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Gov’t to enhance industry-driven skills development for youth


The government in collaboration with various representatives of industries, civil society, and development partners, is engaging in transformative reforms to revitalize the National Technical and Vocational Training (TVET) sector.

These reforms, according to the Government, are necessary to reshape the TVET landscape to address labour market demands.

Speaking during the National TVET Conference at the Kenyatta International Convention Centre (KICC) in Nairobi, the Education Cabinet Secretary (CS), Ezekiel Machogu said that TVETs play a pivotal role in arming young people with essential skills, tackling youth unemployment, and enhancing the competitiveness of Kenya industry.

Machogu acknowledged that each year one million young individuals enter the labor market and that these bright and eager minds hold immense potential but they require the necessary skills and training to excel in an ever-evolving world.

“The responsibility for equipping young individuals with the essential skills they need to thrive, addressing the youth unemployment, and ensuring social-economic stability within the nation lies primarily with the education sector, notably TVET,” stated Machogu.

However, he maintained that it is equally vital for companies and business membership organizations to play their role in the skill development of the country’s youths.

“Only by shaping TVETs in partnership, can we collectively cultivate a competitive and employable workforce. This effort is not just a responsibility but also a vital interest for both companies and the nation as a whole,” noted Machogu.

Unfortunately, the sector presently struggles to meet the demand of the labor market and according to the CS, this difficulty primarily arises from a lack of practice-oriented training and inadequate industry engagement in TVET content development and the actual implementation of training programs, therefore, the critical role the industry -TVET linkage plays is bridging the gap between education and employment must be recognized.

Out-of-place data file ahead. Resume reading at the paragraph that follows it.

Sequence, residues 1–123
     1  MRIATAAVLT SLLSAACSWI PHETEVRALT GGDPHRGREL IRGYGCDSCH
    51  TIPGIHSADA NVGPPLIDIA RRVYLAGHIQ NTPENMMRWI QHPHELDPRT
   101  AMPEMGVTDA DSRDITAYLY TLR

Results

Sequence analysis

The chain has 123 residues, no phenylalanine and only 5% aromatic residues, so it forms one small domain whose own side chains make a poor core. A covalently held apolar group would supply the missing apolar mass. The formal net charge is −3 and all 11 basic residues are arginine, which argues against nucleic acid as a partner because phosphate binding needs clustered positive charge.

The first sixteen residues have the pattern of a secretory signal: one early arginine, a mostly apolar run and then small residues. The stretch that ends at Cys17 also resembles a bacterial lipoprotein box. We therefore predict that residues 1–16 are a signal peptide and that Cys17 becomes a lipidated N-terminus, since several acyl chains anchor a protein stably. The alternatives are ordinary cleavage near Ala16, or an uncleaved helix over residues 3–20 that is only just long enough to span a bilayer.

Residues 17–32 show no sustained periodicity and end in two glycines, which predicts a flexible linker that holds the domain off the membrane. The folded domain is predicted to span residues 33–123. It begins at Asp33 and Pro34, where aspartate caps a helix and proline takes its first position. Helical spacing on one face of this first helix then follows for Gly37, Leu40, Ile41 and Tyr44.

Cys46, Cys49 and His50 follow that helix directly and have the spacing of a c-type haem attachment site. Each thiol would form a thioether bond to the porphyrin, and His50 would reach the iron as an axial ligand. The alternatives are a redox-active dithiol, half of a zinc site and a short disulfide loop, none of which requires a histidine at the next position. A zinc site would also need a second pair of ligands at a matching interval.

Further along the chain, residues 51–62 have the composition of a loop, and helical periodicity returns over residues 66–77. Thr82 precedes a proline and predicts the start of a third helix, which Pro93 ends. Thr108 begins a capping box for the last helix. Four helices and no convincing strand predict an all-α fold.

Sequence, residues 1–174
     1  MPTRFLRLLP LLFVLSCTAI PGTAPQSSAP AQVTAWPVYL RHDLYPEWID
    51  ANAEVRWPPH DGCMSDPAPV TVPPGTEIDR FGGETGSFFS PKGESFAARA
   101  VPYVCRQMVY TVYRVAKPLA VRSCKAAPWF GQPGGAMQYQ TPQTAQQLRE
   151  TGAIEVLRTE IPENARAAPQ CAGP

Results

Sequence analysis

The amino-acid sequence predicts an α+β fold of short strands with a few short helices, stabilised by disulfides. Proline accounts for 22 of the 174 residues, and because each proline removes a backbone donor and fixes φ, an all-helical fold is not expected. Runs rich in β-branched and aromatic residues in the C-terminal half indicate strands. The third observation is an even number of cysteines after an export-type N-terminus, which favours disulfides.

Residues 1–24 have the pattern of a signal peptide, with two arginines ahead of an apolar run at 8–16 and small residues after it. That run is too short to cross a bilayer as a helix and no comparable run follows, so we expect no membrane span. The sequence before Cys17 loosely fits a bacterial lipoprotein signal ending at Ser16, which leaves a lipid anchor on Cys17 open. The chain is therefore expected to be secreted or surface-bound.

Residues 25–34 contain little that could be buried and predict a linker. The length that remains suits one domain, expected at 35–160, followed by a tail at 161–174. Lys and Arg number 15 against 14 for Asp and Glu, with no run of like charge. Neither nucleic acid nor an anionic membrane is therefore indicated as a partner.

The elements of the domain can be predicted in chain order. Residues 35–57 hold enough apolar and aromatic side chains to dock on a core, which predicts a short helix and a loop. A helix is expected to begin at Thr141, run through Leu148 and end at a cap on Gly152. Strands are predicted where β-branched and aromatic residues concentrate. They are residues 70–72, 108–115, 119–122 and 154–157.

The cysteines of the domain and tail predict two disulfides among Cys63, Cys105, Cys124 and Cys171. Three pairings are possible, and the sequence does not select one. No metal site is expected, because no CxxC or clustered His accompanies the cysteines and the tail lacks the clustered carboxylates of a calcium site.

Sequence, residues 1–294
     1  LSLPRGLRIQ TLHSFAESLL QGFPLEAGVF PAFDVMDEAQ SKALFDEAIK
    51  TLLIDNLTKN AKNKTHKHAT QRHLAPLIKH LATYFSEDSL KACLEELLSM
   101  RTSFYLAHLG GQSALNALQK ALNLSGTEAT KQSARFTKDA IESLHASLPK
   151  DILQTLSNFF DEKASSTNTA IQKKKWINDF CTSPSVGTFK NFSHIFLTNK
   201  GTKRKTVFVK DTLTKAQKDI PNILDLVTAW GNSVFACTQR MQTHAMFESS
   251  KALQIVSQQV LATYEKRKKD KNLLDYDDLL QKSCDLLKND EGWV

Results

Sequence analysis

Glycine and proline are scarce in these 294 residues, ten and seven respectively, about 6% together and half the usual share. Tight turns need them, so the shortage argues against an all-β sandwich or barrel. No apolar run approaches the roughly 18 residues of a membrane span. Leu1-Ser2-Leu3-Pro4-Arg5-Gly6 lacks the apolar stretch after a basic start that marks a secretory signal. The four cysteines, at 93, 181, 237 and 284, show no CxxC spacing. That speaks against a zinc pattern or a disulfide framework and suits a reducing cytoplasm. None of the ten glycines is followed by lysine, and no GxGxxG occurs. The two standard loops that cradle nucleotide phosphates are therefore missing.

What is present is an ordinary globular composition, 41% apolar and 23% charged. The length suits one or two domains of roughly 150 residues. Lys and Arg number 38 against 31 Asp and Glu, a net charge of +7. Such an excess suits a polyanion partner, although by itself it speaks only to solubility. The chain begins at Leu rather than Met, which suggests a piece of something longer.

“I am delighted to highlight the youth employment and TVET Project, a joint initiative of the Ministry of Education of Germany and Finland. This project is actively supporting the Ministry of Education in introducing Dual TVET which not only provides a platform for industry-relevant TVET but also emphasizes Competency-Based Education and Training (CBET),” disclosed Machogu.

Concurrently, the Finnish ambassador to Kenya, Pirkka Tapiola said that a key strength of Finland’s education system, including TVET, is that teachers are highly educated, well respected, trusted, and strongly committed to their work since teachers are the backbone to the society

Tapiola stated that people with disabilities face a lot of challenges in accessing education including TVET, which means they are often excluded from work and employment.

“Therefore our joint project aims to encourage younger men to enrol in technical traditionally male-dominated vocations, and increase access to TVET for persons with disability,” he urged.